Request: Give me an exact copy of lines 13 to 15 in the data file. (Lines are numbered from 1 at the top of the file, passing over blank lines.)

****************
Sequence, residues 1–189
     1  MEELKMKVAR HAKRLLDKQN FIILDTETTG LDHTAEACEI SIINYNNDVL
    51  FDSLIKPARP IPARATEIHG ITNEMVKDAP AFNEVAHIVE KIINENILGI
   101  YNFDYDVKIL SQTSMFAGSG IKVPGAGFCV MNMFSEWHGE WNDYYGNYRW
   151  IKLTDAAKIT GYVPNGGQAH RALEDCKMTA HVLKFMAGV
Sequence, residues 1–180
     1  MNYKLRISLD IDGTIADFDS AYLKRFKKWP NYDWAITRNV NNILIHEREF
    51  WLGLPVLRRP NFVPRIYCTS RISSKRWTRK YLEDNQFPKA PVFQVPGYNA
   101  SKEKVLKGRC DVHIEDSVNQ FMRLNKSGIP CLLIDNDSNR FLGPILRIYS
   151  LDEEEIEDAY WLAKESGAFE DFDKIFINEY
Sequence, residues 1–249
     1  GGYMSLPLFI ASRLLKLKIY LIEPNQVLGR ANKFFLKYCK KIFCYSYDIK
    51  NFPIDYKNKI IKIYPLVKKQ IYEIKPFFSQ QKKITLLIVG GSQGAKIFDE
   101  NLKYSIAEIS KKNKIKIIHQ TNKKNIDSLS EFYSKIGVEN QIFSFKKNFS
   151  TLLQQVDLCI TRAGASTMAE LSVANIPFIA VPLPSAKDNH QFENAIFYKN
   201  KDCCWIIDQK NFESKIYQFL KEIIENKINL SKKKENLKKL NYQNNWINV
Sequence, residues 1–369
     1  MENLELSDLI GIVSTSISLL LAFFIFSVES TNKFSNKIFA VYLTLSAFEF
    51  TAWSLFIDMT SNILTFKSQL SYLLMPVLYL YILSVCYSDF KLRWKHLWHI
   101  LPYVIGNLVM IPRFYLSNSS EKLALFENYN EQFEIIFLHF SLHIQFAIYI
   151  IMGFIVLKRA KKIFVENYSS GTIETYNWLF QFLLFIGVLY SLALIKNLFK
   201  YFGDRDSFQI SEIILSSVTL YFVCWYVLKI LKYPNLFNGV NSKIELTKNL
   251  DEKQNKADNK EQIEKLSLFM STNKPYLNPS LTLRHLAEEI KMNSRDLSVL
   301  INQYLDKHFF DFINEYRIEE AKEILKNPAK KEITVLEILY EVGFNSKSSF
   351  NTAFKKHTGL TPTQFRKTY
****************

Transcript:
    51  NFPIDYKNKI IKIYPLVKKQ IYEIKPFFSQ QKKITLLIVG GSQGAKIFDE
   101  NLKYSIAEIS KKNKIKIIHQ TNKKNIDSLS EFYSKIGVEN QIFSFKKNFS
   151  TLLQQVDLCI TRAGASTMAE LSVANIPFIA VPLPSAKDNH QFENAIFYKN